Decolonize Mainstream Politics: The Conservative’s Token Indian

Note: While my focus is on the USA, the horrors of colonization- then and now- occurred and still continue, all across Abya Yala.

mad-46338_640I received the video version of this post via social media. I got it more than once and from more than one Indigenous person. Its message, and the way my Indigenous relatives were lapping it up, broke my heart. The fact that the messenger is an Indigenous person, a woman, a Mother of Nations, only made it worse.

Then it pissed me off.

You see, this is some assimilating bullshit. So, let’s consider Ms. Mikaela Lyrea’s political message and compare it to the facts; “as…Native American.” Continue reading “Decolonize Mainstream Politics: The Conservative’s Token Indian”

Decolonizing Public Spaces: One Taino’s Perspective

columbus-866779_640There has been much said regarding monuments to confederate and colonizing “heroes”, on both sides of the debate. Some feel that removing the monuments is unwise: because we should revere history, because it cannot change the past, because it should remind Americans of our shame, because these monuments are public art and should cared for. Those who feel they should be torn down say it’s racist propaganda, it celebrates murder and destruction, the decimation of whole cultures. Both sides seem to have valid points, and I find myself, as a colonized Indigenous person, listening with 2 different sets of ears. It seems to me that the contrast here is the perspective from which these issues are being considered. Continue reading “Decolonizing Public Spaces: One Taino’s Perspective”

Are you a good witch or a bad witch?~ Segregation in Native American Spirituality

With the recent deaths occurring in an Arizona sweat lodge, three so far, many Indigenous Americans are rabidly repeating the mantras “That’s what you get when you mess with things you have no right to mess with”, “Non-natives have no right to participate, let alone conduct sacred native ceremonies” and “The spirits are clearly expressing their disapproval, when will non-natives learn?”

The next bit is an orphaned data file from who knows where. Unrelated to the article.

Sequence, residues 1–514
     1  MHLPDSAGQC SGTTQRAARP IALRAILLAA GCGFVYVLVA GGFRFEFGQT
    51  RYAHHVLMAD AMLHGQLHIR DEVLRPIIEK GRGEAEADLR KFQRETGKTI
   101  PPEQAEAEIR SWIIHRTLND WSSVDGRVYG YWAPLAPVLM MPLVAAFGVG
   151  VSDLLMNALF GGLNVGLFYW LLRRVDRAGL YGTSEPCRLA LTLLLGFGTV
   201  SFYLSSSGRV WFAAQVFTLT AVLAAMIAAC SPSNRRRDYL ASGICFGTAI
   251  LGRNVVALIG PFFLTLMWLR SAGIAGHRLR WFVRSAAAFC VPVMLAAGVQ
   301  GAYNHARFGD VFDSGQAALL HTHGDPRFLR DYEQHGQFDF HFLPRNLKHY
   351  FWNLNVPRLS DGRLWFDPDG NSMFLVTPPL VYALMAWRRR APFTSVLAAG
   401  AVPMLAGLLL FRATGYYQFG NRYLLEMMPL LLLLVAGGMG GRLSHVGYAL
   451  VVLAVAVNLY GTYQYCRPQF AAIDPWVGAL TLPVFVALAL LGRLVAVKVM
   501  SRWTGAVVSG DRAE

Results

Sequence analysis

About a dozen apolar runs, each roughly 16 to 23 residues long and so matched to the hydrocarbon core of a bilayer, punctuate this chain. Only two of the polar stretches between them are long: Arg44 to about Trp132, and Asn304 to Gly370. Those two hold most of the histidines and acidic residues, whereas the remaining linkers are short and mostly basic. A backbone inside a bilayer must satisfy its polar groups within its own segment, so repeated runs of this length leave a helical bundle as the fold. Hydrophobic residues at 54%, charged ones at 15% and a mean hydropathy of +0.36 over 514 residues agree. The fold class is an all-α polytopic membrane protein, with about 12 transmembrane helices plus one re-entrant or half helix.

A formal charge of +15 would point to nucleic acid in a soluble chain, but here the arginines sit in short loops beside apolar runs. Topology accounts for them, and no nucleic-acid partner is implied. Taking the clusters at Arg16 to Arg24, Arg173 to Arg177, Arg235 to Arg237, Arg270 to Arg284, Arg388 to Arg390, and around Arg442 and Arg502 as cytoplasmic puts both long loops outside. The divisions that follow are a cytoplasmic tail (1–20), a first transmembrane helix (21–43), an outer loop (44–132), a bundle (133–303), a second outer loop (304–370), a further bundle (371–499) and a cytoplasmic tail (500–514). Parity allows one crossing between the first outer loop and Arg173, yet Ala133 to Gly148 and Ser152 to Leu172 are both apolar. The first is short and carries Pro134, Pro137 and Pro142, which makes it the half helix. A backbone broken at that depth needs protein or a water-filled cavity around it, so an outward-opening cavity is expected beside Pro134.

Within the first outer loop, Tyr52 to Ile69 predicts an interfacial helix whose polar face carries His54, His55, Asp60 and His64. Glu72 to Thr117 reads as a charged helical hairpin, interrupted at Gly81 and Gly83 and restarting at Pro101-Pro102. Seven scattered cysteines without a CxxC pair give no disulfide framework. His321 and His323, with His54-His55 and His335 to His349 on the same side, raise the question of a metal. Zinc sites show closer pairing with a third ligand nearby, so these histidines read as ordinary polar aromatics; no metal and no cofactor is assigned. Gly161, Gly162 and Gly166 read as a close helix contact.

These are sad, angry and fear filled sentiments with which I do not agree.  They weigh in my heart as I hear my relations repeat them at family events, powwows and even sacred gatherings.  I have shared my feelings before pertaining to the separatist attitudes my relations have regarding our spirituality.  Yet, further understanding compels me to revisit the issue and clarify, albeit to myself, this particular concern.  Although I still do not agree with the segregationist views, I do believe my relations have some very good points and real reasons for concern.  However, I suggest pause and deliberation lest our fears overcome and misguide us.  By clarifying to ourselves exactly what it is that is really important, we can better express our concerns to others without sounding like rabid, bigoted hypocrites.

This is important because no one listens to rabid, bigoted hypocrites except other rabid, bigoted hypocrites and you end up preaching to the choir.

Continue reading “Are you a good witch or a bad witch?~ Segregation in Native American Spirituality”

Van Sertima’s Mummies or The Fruits of Careless Research…

Reply to a Critic

Recently, I received a response to the book review I posted on Ivan Van Sertima’s, They Came Before Columbus.  This person was very passionate about defending the Afrocentric version of alternative history and emailed me an excerpt from his later book, Early America Revisited, in which Van Sertima replies to his critics: scientists, archeologist and professionals from different, but related, fields of study.  I must say that his rebuttals prove quite an interesting read and encouraged me to further research, which I enjoy immensely.  However, I must also say that the additional information just didn’t help Ivan’s case.

Continue reading “Van Sertima’s Mummies or The Fruits of Careless Research…”

Seeking a leader; the need for a “Voice of Authority” for our dead language

Wisegeek.com states “A dead language is a language which is no longer learned as a native language.”  Wikipedia says that a dead language has no competent speakers and that an extinct language is one that has no speakers at all, be that by language replacement or language evolution.  Examples of these are Modern English having evolved from the Old English spoken in Medieval times and the death of the Taino language  of the Caribbean when replaced by Spanish and French.

Continue reading “Seeking a leader; the need for a “Voice of Authority” for our dead language”

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